Executive Engagement

The Role of the Sponsor

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Too often, the term “project sponsor” conjures up the image of a disconnected executive whose main responsibility is to secure the project funds and then come in for the victory lap when it is all over. But an engaged executive sponsor—with a vested business interest in the project from kickoff to close—can mean the difference between success and failure.

Indeed, one of the most common reasons why projects fall short is a lack of executive sponsorship and management buy-in, according to the KPMG New Zealand Project Management Survey 2010.i In addition, PMI's 2010 Government Program Management Study found that 81 percent of program managers at U.S. government agencies said that strong support from at least one executive-level sponsor had a high impact on project success.ii

According to Diego Nei, project portfolio manager at CEACRE, a not-for-profit institution in Salvador, Brazil, the sponsor's key responsibilities include:

  • ■ Providing clear direction for the project and how it links with the organization's overall strategy
  • ■ Securing project resources
  • ■ Ensuring the project is on time, on budget and on scope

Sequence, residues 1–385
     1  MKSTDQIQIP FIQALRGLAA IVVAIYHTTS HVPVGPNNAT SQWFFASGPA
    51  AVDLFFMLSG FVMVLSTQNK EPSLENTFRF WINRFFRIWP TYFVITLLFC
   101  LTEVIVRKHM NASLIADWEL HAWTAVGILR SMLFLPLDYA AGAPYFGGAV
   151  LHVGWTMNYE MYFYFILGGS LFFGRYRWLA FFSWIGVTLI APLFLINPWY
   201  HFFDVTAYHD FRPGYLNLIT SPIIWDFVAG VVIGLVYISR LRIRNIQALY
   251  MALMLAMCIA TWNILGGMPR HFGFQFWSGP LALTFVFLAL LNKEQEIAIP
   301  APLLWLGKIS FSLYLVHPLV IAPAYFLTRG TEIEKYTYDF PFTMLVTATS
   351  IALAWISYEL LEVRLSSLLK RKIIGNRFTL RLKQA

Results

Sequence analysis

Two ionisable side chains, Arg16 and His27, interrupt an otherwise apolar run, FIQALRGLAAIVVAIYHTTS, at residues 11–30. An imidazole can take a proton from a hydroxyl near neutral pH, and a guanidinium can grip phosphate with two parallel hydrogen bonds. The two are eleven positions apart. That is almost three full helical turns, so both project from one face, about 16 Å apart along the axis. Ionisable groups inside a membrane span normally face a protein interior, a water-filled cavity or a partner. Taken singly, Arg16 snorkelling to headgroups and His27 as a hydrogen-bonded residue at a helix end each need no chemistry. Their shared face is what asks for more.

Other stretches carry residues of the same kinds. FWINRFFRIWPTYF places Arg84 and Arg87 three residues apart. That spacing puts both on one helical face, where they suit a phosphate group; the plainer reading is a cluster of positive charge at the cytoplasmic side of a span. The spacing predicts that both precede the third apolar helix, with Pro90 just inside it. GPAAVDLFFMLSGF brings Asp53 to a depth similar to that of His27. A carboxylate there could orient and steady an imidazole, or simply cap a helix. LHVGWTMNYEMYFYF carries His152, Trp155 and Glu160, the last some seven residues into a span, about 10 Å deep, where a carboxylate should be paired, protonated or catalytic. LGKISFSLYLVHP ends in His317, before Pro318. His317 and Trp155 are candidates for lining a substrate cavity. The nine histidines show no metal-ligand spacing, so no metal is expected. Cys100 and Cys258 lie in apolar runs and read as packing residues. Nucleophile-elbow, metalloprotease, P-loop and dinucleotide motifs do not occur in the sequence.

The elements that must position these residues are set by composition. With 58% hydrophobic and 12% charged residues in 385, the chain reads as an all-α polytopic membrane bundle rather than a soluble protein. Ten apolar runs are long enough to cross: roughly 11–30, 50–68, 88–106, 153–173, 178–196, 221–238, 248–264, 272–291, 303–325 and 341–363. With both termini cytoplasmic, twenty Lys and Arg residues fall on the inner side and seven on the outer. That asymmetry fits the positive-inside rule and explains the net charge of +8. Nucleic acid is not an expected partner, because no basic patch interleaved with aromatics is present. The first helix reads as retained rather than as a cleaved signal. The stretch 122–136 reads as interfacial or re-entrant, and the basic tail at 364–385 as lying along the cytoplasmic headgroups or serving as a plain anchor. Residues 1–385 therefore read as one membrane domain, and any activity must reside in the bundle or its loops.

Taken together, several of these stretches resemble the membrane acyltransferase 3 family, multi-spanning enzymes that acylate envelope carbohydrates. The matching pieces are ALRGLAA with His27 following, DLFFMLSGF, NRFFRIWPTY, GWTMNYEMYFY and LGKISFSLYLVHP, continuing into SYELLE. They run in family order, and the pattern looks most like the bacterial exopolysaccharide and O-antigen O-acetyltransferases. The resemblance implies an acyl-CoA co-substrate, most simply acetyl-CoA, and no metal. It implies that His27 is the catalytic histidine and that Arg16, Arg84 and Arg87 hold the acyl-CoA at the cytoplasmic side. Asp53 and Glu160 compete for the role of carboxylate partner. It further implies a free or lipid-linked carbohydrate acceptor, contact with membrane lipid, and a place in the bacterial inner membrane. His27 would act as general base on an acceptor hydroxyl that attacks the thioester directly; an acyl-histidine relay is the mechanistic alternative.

• ■ Providing feedback on status reports and making sure they reach the necessary stakeholders
  • ■ Championing the project at the executive level to secure buy-in

Despite the strategic importance of the role, the KPMG survey found that 68 percent of companies do not always have an effective sponsor.

In many cases, they are simply too busy. “Sponsors typically have a day job, too—often a demanding one,” says David West, senior technical director at engineering firm WSP, London, England. “Not devoting sufficient time to the project is a common failing.”

But that could be a fatal error.

“The project sponsor has as big an influence on the outcome of the project as the project manager,” says Terry Cooke-Davies, PhD, group chairman at consultancy Human Systems International, London, England, and author of Aspects of Complexity: Managing Projects in a Complex World [PMI, 2011].

In an increasingly competitive marketplace marked by economic fluctuations, project sponsors cannot afford to take a hands-off approach. “The recession and global competition have forced everyone to focus only on the top priorities,” says Mike Haran, PMP, PgMP, program manager at businesses services group Experian, Chicago, Illinois, USA. “Sponsors are under continuous pressure to deliver better results with fewer resources. This means that an executive's commitment is even more important now than before.”